Ecommerce SEO Case Study — 14 Million Organic Visits In 2 Years Without Backlinks.
Have you ever wondered if it’s possible to get organic search traffic without back-links? The purest of white hat SEO.
Well, it is.
But there’s a catch (everything has a catch, right?).
You need A LOT of pages, a good website structure and patience.
This is not your typical case study (content + backlinks), but in this case study, I’ll line out the most important actions we took to get a clients website similar to an e-commerce store and grew it to the top 32k of all websites in the world and the top 20k websites in the US according alexa.com — in only 2 years and starting from scratch.
If you want to see how I log into Google Analytics and Webmaster Tools, there’s a video at the end of the case study where you can see “live” the improvements month after month — and other things like live visitors on the site.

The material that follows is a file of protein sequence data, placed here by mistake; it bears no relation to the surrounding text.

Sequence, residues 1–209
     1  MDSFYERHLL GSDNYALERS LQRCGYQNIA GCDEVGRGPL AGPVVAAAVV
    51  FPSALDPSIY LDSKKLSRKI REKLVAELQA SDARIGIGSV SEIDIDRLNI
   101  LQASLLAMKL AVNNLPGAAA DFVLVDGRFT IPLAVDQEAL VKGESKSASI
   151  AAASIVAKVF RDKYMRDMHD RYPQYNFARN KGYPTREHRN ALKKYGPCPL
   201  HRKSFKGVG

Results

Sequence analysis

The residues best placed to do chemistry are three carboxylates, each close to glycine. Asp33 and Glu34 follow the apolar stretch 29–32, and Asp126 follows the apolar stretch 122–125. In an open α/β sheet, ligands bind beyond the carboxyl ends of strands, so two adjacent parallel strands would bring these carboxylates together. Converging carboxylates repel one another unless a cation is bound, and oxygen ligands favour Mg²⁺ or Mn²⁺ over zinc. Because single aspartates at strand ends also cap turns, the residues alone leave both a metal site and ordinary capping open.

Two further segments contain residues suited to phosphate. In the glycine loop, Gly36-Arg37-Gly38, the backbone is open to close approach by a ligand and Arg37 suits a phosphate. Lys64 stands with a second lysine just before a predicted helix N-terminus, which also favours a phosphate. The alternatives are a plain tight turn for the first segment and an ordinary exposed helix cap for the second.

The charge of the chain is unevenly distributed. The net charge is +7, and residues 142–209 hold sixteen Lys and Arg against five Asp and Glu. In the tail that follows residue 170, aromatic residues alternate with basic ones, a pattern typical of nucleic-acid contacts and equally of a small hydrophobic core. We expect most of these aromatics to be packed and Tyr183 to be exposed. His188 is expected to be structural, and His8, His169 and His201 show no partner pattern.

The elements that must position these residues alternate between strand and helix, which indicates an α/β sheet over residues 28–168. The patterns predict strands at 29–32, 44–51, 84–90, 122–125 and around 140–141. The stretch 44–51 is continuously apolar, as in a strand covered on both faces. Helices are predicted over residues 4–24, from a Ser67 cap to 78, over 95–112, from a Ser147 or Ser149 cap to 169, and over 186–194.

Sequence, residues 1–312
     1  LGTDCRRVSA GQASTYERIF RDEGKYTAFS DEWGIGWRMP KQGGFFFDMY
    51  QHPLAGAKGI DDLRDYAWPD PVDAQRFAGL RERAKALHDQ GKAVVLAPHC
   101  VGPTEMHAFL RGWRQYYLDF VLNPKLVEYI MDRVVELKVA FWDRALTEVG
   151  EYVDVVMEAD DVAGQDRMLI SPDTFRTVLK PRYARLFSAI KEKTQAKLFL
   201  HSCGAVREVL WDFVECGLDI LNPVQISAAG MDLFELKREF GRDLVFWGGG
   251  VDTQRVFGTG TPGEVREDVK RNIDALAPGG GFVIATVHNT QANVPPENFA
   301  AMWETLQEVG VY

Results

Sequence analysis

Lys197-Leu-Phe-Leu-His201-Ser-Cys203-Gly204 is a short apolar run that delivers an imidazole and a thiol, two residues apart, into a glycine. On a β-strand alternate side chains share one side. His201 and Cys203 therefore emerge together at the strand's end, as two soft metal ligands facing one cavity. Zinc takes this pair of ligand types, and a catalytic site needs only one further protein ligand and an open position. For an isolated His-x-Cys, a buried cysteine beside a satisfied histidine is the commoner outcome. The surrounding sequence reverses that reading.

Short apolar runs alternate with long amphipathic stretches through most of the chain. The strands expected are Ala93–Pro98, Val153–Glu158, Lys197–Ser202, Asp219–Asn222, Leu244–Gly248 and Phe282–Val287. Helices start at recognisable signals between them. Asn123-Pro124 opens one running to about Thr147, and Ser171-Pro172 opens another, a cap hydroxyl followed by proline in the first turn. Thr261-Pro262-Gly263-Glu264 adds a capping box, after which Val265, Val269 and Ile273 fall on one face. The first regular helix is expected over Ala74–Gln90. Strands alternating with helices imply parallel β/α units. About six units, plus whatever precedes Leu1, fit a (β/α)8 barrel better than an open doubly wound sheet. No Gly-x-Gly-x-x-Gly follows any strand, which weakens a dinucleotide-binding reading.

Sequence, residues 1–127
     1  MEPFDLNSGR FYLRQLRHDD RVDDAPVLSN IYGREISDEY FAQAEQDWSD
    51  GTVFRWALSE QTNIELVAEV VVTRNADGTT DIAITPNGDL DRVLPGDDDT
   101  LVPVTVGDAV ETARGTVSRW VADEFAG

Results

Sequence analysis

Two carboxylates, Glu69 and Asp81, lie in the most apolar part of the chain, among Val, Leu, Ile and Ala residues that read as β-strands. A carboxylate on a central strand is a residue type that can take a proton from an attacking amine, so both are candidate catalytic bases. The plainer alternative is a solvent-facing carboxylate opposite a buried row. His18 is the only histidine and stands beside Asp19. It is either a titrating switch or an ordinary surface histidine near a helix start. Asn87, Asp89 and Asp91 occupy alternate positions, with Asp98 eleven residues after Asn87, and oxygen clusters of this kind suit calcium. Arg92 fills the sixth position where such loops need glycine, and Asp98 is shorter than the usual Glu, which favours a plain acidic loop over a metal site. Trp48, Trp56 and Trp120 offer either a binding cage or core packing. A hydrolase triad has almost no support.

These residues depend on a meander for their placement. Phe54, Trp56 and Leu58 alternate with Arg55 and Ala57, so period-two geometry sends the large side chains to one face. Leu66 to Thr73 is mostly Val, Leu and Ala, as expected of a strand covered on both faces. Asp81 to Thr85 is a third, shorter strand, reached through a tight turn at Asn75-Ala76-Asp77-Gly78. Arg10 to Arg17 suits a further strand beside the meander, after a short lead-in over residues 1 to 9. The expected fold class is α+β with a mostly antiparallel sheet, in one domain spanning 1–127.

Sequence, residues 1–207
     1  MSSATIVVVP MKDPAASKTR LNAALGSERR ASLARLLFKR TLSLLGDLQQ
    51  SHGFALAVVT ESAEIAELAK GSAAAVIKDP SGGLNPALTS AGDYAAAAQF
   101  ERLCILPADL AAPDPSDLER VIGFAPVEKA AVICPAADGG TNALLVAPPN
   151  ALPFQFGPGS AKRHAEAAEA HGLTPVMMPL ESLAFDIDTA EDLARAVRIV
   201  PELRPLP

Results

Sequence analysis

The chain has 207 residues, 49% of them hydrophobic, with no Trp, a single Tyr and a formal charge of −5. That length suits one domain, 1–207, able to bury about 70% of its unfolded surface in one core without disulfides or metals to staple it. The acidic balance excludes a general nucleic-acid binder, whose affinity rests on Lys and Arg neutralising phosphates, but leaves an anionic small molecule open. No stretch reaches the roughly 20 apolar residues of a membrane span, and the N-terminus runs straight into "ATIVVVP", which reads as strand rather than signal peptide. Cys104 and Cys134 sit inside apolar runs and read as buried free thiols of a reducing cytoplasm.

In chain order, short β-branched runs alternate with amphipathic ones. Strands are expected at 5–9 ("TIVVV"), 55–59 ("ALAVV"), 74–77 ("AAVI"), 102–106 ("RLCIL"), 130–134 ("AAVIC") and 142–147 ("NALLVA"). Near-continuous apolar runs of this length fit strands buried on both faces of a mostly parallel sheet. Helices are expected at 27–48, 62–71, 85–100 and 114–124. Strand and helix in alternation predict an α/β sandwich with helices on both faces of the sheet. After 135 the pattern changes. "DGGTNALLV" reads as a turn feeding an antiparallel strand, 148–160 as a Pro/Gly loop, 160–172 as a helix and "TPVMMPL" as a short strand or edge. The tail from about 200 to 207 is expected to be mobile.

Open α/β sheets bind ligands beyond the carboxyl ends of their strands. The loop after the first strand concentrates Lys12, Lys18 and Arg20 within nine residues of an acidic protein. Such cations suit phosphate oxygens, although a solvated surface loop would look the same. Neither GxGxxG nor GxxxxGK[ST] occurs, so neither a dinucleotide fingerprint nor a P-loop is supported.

Soooo, this is how it all started
In June 2014, we were approached by a business owner wanting to take his business to the next level.
This was a smaller startup that had been in “inception mode” for three years and was itching to find an online marketing company that could help them grow.
As you may imagine, they didn’t come to us and say:
“Hi, I want a website that gets at least one million visits per month and breaks into the top 32K websites in the world.” — Note: It’s at 3 million visits/mo right now.
It went more like this:
“Hi, I’m a startup that wants to grow. My competition is well established. Are you guys up for the challenge of making this happen?”
This caught our attention.
Why was it a challenge?
First, their competitors were well established businesses — 10 to 20 years of online presence.
Second, because of the nature of their business, we were unable to create a blog, long form content, backlinks, or do content promotion — the foundation most ecommerce stores can use to grow (other than CRO, remarketing, and all that good stuff).
These were the first steps we took.